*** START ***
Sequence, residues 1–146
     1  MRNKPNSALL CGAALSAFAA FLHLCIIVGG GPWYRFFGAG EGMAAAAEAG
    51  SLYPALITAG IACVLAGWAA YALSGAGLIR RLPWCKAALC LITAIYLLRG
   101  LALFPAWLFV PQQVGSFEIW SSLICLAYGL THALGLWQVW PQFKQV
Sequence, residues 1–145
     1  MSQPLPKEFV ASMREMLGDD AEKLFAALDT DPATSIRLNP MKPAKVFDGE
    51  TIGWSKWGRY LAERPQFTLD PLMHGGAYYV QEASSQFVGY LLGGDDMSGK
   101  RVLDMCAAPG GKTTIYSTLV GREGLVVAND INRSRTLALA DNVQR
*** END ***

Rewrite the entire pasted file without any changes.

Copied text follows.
Sequence, residues 1–146
     1  MRNKPNSALL CGAALSAFAA FLHLCIIVGG GPWYRFFGAG EGMAAAAEAG
    51  SLYPALITAG IACVLAGWAA YALSGAGLIR RLPWCKAALC LITAIYLLRG
   101  LALFPAWLFV PQQVGSFEIW SSLICLAYGL THALGLWQVW PQFKQV
Sequence, residues 1–145
     1  MSQPLPKEFV ASMREMLGDD AEKLFAALDT DPATSIRLNP MKPAKVFDGE
    51  TIGWSKWGRY LAERPQFTLD PLMHGGAYYV QEASSQFVGY LLGGDDMSGK
   101  RVLDMCAAPG GKTTIYSTLV GREGLVVAND INRSRTLALA DNVQR